Star Trek: Of Gods and Men
In case you haven’t figured this out by now, I am an enormous Star Trek fan. But I have lamented before on this site that, for a number of years now, there haven’t been any new Star Trek TV shows or movies to entertain me. (And frankly, I wasn’t that wild about the last two Trek movies OR the last two Trek TV series, so it’s been even LONGER since I was able to enjoy any consistently GREAT official, live-action Trek.) However, I have been really digging Pocket Books’ recent Star Trek novel releases (just recently I reviewed the spectacular trilogy Star Trek: Destiny)… and there has been some UN-official Trek product out there to enjoy, as well, like the terrific fan series Star Trek: Phase II (which I discussed here, and I reviewed its most recent episode, “Blood and Fire” Pt. I, here).
Today I’d like to discuss another notable Star Trek fan production, albeit one with a pretty remarkable pedigree — Star Trek: Of Gods and Men.
Inspired by the success and near-professional quality of Star Trek: Phase 2, director Tim Russ (who played Tuvok on Star Trek: Voyager) and his team have assembled a group of film professionals to produce this feature-length project (which was originally released on-line in three 30-minute installments). In front of the camera, Star Trek: Of Gods and Men stars a rather remarkable assemblage of former Star Trek actors: Walter Koenig (Pavel Chekov), Nichelle Nichols (Uhura), Alan Ruck (Captain John Harriman of the Enterprise B from Star Trek: Generations), Grace Lee Whitney (Janice Rand), J.G. Hertzler (Martok from Star Trek: Deep Space Nine), Garrett Wang (Ensign Kim from Star Trek: Voyager), Ethan Phillips (Neelix from Star Trek: Voyager), Cirroc Lofton (Jake Sisko from Star Trek: Deep Space Nine), Chase Masterson (Leeta from Star Trek: Deep Space Nine), and many others.
A number of the above actors (like Koenig, Nichols, and Ruck) reprise their roles from the shows, while others play entirely new characters (Hertzler, Wang, Lofton, Masterson, etc.). Either way, one of the great joys of this film is getting to see this terrific group of actors again on screen, interacting with one another and a lot of other familiar faces from the different Trek series. Special props to actor Gary Graham, who has played a variety of roles on the different Trek series (most notably Vulcan Ambassador Soval on Enterprise) for his dynamic turn as Chekov’s partner Ragnar — it’s a small role, but it’s one of the most compelling performances of the film.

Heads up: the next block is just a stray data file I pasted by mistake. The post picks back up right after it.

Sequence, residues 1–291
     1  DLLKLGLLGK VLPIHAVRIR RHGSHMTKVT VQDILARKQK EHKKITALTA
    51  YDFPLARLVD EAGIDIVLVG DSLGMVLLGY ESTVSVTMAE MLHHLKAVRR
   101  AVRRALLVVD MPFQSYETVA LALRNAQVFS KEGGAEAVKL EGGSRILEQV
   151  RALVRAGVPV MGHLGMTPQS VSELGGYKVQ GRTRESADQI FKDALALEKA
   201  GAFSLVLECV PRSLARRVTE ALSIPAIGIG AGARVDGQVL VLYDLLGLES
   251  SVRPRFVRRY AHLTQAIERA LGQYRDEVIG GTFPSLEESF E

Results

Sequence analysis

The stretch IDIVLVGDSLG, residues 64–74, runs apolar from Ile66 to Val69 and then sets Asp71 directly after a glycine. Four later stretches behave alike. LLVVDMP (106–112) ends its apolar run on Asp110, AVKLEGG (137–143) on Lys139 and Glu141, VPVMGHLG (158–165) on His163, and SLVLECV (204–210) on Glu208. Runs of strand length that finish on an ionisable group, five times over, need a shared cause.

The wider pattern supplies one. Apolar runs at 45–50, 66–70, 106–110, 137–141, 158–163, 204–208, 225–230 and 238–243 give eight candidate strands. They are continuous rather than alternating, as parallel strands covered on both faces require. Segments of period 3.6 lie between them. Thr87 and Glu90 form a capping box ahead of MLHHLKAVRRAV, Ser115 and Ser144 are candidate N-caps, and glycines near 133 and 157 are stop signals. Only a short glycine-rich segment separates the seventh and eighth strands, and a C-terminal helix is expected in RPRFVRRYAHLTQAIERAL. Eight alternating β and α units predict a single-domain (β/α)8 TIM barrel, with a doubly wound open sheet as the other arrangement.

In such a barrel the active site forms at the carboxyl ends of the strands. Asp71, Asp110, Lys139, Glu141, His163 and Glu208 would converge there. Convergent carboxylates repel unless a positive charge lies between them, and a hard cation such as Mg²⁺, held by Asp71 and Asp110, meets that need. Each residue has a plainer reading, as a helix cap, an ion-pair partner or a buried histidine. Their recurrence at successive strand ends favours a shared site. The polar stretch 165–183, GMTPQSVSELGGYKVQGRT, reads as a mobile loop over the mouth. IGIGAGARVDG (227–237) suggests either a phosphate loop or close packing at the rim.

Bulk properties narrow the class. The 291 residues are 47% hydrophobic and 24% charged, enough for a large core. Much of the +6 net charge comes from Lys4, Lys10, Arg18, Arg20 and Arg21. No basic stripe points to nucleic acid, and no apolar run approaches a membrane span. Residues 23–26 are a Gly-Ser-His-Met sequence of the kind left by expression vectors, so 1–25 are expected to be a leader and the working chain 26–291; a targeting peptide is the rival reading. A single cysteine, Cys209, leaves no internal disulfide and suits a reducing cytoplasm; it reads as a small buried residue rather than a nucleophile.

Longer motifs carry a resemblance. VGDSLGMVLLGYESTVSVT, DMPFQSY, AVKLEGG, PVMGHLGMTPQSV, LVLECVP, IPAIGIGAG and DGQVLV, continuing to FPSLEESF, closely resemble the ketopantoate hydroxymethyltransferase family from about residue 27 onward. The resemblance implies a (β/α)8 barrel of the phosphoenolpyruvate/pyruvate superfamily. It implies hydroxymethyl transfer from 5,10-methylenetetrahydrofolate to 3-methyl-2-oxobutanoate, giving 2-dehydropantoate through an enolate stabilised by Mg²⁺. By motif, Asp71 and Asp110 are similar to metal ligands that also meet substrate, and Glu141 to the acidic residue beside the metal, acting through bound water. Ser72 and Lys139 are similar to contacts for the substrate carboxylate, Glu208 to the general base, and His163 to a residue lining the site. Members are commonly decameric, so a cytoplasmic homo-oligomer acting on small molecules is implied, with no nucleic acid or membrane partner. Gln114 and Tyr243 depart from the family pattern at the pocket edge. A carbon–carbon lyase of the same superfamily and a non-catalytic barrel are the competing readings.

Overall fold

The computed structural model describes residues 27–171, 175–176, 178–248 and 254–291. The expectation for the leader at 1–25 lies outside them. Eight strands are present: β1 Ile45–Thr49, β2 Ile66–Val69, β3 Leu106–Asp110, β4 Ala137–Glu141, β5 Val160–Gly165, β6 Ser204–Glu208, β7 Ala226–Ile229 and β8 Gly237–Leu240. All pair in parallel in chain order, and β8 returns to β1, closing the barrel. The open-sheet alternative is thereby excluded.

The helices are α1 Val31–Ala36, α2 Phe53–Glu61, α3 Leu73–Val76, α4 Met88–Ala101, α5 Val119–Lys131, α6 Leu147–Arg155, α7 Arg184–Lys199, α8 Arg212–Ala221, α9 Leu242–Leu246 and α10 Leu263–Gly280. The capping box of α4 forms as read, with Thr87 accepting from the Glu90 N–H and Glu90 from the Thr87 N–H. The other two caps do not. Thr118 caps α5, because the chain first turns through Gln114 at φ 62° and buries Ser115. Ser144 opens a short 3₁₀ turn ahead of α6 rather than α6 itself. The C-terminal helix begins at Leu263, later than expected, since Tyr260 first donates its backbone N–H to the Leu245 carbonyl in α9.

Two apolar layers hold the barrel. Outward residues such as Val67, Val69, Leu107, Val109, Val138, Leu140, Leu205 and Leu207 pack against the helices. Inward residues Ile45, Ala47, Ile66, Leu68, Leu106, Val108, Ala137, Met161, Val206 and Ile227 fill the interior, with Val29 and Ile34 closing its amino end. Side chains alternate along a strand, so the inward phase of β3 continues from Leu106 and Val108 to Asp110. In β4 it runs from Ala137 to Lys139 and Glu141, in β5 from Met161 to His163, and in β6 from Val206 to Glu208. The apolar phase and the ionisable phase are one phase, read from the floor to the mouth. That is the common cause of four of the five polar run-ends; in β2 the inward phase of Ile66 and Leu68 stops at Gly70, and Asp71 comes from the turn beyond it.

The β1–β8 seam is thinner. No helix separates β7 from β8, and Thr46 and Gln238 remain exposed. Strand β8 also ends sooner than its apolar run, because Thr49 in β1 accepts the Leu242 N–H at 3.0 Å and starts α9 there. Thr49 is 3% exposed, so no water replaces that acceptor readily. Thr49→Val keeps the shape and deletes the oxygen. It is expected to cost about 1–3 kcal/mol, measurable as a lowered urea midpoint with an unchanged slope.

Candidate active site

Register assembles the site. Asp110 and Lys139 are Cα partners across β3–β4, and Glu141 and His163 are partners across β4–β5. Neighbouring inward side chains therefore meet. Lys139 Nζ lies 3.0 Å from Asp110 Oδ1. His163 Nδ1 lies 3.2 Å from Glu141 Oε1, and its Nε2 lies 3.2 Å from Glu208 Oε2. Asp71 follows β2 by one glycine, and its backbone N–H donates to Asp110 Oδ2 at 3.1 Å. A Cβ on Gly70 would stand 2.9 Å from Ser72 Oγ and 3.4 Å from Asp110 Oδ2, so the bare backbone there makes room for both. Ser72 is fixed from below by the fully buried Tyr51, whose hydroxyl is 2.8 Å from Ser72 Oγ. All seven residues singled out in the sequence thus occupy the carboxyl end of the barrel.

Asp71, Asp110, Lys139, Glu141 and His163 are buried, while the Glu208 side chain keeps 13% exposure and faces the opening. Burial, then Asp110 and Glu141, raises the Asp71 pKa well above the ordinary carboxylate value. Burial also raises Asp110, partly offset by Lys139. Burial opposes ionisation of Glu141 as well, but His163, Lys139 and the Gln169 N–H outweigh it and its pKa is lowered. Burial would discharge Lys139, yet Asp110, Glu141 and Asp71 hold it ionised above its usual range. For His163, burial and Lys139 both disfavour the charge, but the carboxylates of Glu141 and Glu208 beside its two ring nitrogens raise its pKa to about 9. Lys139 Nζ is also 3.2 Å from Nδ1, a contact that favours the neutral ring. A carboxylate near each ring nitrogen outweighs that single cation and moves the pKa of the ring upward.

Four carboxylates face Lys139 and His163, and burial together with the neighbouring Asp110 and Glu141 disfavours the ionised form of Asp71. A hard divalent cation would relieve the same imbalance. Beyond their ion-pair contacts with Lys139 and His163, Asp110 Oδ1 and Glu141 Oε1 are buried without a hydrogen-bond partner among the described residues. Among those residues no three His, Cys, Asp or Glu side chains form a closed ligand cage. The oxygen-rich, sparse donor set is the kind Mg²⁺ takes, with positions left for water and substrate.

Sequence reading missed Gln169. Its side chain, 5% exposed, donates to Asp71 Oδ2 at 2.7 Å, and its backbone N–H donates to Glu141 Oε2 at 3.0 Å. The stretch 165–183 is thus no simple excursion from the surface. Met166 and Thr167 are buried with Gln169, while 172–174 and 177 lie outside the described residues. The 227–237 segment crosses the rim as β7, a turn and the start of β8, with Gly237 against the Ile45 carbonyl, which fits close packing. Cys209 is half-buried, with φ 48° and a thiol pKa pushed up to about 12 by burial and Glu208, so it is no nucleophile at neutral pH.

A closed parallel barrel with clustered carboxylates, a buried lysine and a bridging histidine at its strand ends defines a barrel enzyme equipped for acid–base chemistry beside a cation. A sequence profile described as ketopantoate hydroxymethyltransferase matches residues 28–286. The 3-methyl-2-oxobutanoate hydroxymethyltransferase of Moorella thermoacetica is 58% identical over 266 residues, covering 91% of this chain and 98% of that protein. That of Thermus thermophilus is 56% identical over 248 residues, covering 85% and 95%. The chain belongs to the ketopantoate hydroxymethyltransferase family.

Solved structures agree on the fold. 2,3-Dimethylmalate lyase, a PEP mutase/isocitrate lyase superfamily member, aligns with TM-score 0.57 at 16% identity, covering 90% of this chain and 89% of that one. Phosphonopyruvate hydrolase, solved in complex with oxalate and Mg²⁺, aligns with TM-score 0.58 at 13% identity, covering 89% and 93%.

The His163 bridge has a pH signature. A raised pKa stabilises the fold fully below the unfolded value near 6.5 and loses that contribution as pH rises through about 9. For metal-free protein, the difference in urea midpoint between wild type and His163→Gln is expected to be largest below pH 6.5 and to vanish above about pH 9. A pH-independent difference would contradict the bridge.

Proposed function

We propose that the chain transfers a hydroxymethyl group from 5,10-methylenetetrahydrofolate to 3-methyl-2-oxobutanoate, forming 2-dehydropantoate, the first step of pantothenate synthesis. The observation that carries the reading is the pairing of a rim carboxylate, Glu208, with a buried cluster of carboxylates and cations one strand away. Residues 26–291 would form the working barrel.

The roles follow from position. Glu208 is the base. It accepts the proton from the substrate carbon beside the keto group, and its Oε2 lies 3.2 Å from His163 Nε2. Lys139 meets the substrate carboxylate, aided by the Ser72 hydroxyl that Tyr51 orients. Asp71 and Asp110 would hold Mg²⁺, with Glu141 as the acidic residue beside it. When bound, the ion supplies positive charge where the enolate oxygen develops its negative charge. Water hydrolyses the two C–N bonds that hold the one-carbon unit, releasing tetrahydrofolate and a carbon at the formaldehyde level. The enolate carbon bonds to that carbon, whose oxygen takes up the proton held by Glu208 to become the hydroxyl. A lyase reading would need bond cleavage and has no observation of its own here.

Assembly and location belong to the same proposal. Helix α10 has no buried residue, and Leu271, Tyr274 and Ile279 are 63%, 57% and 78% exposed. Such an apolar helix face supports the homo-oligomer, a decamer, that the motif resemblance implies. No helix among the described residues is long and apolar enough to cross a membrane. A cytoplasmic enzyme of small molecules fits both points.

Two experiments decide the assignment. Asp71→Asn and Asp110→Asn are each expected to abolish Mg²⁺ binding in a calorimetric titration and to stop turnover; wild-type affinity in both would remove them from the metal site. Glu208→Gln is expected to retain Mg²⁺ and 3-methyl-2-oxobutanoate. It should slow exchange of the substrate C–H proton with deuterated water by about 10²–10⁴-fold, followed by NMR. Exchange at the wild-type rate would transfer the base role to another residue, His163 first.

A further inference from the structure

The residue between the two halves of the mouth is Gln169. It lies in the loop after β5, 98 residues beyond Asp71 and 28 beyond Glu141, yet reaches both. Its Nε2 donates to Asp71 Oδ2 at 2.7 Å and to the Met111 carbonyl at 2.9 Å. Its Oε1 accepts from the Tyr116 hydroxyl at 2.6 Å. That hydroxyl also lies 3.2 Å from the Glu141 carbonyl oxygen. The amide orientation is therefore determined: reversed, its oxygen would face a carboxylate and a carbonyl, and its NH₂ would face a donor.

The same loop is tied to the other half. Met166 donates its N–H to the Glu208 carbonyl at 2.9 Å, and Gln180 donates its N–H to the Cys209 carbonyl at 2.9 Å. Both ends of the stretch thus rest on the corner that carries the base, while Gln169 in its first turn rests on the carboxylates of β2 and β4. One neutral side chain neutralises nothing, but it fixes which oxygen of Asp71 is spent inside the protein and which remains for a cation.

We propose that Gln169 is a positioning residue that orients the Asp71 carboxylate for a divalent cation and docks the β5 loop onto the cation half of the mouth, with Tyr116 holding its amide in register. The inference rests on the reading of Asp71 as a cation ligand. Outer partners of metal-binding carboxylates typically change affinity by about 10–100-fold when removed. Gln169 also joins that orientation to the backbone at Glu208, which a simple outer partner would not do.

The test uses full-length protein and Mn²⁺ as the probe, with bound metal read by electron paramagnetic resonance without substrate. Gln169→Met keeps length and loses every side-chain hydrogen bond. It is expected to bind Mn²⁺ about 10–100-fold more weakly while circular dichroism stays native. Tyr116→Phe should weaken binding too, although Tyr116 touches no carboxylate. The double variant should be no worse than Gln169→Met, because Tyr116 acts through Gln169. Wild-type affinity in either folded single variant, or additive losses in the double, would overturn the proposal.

But without question the stars of the film are Koenig, Nichols, and Ruck, and they acquit themselves very well. All three are fine actors, and as the leads they get a lot of screen-time and some meaty scenes. Ruck completes a thorough redemption of Captain Harriman (who was depicted as a pretty pathetic figure in Generations), and his energetic performance steals every scene that he is in. In addition to directing, Russ does a great job as Tuvok (a character who I always felt had the potential to be a lot more interesting that the material he was usually given on Voyager). J.G. Hertlzer plays another Klingon, a new character named Koval, and he chews the scenery like nobody’s business — he’s a lot of fun to watch. I also really enjoyed Garret Wang’s performance as Commander Garan (another new character). I thought Wang was criminally under-utilized on Voyager, and it’s nice to get to see him have a little bit more to play here. (A third character from Voyager, Ethan Phillips, has a very small role but is also way more entertaining than he ever was on Voyager — leading me to be even more annoyed than I already was at the way that Voyager wasted these talented actors).
In case you couldn’t tell from that cast, this is an ambitious epic. It takes place on a variety of different planets, space-ships, and other environments. For the most part, the production team did a great job in creating all of these different alien worlds, many of which are familiar to Trek fans (Vulcan, etc.). It helps that a lot of time is spent on the bridge of the S.S.S. Conquerer (an alternate-timeline version of the Enterprise). The team was able to make use of Phase 2‘s terrific Original Series Enterprise bridge sets, so those sequences all look great. The over-all look of the film is top-notch — not quite professional, but still of a very high quality. The make-up is great, the costumes are great. This isn’t some slapped-together, no-effort production, by any means.